Part of this was about Durham University being quite prestigious, after the Oxbridge Uni's (Oxford and Cambridge).  I thought I ought to confirm this (yes, Durham and St. Andrews are apparently where folks go if they can't get into the southern universities, or that is their reputation).  In doing so I stumbled into some weirdness:




Milking - apparently a speciality of our very own Newcastle University; other universities such in Nottingham have joined in.  

Porting, brought to us by Durham University

And, just so folks will know that St. Andrews is even posher they made a video of their own but apparently it upset people so much that the young men had to apologize for pouring bottles of Moet Chandon champagne over their heads.  So maybe they aren't just more posh they are more polite?  That video has apparently been removed from YouTube (my, they take this very seriously!) but hopefully you can still see it embedded in this article from the Daily Mail.

Don't ask me what this all means.  I think it is a ramification of social media and probably something to do with rampant hormones or just the high jinx of being young.  What I missed, not going away to uni!

Oh wait, it has spread... Has this come your way?

But never mind them, what about the high jinx of being retired?    That will have to be another post...

Monday, 22 April 2013

Cockermouth

I haven't shown you the village yet, so will end this trip with that.  Cockermouth is a colourful little village where the River Cocker joins the River Derwent.  Given the village name I was, like many people, expecting it would be on the coast; that it would be at the 'mouth' of the Cocker where it flowed into the (she quickly double checks Google maps) Irish Sea.  As it turns out, a 'mouth' can also flow into a river, lake or reservoir.  Who knew?  













At the bottom of the street is the pub:  The Bitter End...





Being located where two rivers conjoin is a big disadvantage in times of flood.  Everywhere we visited, there were lines marked on the outside and inside of buildings showing the level that the flood of 2009 had reached.  It must have been awful. Floods are the main natural disaster Britain has (I gather there are some 'baby' tornadoes and the occasional mud slide).  Fortunately, most of the buildings in Cockermouth are built of stone.  













I don't know what the place was like before 2009, but we formed the impression that the village had re-invented itself and gone slightly upmarket. We've watched Tynemouth change from a relatively mundane place (well, any mundane place on a coast with an 11th century castle and priory).  Tynemouth Front Street is now very tourist orientated and to a certain extent, so is Cockermouth.   Then again, so is the entire Lake District.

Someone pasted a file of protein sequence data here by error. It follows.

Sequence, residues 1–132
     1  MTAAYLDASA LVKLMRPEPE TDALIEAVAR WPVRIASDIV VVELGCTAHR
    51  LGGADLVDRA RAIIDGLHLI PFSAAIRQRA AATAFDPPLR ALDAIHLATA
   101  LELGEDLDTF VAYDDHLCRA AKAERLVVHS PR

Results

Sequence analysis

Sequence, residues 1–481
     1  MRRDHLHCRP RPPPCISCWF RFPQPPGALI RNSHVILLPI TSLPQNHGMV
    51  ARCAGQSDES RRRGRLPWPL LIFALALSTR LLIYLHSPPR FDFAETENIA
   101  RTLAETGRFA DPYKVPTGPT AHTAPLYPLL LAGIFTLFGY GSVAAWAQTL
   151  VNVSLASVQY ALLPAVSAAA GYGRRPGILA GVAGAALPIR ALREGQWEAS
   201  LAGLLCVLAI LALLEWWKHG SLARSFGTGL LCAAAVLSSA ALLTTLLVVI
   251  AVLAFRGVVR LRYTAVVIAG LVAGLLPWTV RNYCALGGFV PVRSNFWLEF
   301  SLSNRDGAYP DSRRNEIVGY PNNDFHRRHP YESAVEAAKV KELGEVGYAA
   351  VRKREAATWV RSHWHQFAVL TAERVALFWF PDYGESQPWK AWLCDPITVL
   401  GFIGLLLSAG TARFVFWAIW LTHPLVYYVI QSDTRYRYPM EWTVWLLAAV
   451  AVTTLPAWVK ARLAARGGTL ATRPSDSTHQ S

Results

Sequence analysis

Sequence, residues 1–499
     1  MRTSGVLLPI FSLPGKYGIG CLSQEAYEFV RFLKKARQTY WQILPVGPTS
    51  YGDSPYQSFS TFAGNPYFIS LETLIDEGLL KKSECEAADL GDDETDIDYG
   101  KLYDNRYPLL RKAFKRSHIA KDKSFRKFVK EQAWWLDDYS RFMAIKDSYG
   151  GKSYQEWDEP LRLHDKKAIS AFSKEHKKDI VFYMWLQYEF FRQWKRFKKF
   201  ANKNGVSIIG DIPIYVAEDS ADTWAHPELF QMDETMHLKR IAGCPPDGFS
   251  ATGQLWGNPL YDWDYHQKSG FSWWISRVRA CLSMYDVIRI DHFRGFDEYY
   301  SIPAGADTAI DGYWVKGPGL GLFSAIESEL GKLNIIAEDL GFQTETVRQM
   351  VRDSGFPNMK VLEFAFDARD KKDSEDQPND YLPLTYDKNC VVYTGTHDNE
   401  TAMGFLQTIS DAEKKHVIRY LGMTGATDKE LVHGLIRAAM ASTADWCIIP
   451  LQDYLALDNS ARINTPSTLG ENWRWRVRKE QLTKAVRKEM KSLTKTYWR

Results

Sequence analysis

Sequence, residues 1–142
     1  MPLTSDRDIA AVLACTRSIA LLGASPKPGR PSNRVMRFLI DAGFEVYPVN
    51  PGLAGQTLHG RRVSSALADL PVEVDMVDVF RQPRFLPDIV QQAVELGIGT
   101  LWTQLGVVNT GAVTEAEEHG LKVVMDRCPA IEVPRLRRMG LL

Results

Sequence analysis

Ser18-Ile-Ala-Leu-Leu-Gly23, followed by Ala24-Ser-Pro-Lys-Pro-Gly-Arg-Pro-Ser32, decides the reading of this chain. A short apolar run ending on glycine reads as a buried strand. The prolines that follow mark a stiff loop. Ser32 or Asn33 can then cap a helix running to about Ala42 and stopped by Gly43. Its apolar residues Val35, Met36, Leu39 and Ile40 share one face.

The River Cocker



We saw a number of flood barriers that impressed Bill.  I think it would be quite hard to trust that your home or business wouldn't flood again.  I'd be inclined to put anything I valued on the upper floors!






I thought Cockermouth was a nice mix of history, charity shops, upscale gift and baby shops, an old and a new book store and a handful of antique shops.  I could almost imagine us living there, but on reflection, I like where we are:  a few miles out of Newcastle, on a hill, 25 feet above the River Tyne, which flows freely into the North Sea.

Friday, 19 April 2013

Part XXXVI - About Blondes

This is part of a series about a book, Theory of the Leisure Class, by American economist Thorstein Veblen.  He titled his ninth chapter The Conservation of Archaic Traits.





According to Veblen, 
“The institution of a leisure class has an effect not only upon social structure but also upon the individual character of the members of society.”  

When ways of thinking become the standard in a society, that standard not only continues to influence the society but also influences individuals.  This influence might be through teaching and encouraging agreement with the norm, or it might take the form of repression and selective elimination of those who don’t conform.  Two of the norms which most concern Veblen are those of conspicuous waste and of industrial exemption, major components of life under the scheme of the leisure class.  I was intrigued by Veblen’s statement that 
“…the tendency of the institution of a leisure effect upon the temper of a community is of the nature of an arrested spiritual development.” 

He points out that 'The human material of society itself varies with the changing conditions of life.' Then he begins to talk about ethnic types based on the shape of person’s skull.  He refers to them as (a) dolicho-blonds (b) brachyenchalic brunettes and (c) Mediterranean types.  Even knowing that he referred only to Europeans, not to African or Eastern peoples, this made little sense to me until I found this website and it still seems to have more to do with animal breeding than sociology, but I suppose there were early theories in anthropology that Veblen refers to.  

However, Veblen isn't so much concerned with race as with what he sees as two different types of people as he describes early on in his theory of social development.  Some people are more peaceable by nature (like the savages); others are more predatory (barbaric).  Peaceful people are more concerned with the welfare of the group; predatory people look out only for themselves.  The predatory, barbaric culture developed when the scenario no longer involved a group of humans pitting their wits against a harsh environment but moved to human individuals pitting their wits against each other, ie the harsh environment moved from non-human to human.